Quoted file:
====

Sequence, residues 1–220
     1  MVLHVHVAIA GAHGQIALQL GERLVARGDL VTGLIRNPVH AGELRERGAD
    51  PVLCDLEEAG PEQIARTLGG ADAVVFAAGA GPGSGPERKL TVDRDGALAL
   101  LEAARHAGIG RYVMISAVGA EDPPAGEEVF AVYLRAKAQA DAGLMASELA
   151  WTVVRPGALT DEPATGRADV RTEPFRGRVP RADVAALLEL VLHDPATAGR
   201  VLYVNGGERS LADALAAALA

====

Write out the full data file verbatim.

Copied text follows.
Sequence, residues 1–220
     1  MVLHVHVAIA GAHGQIALQL GERLVARGDL VTGLIRNPVH AGELRERGAD
    51  PVLCDLEEAG PEQIARTLGG ADAVVFAAGA GPGSGPERKL TVDRDGALAL
   101  LEAARHAGIG RYVMISAVGA EDPPAGEEVF AVYLRAKAQA DAGLMASELA
   151  WTVVRPGALT DEPATGRADV RTEPFRGRVP RADVAALLEL VLHDPATAGR
   201  VLYVNGGERS LADALAAALA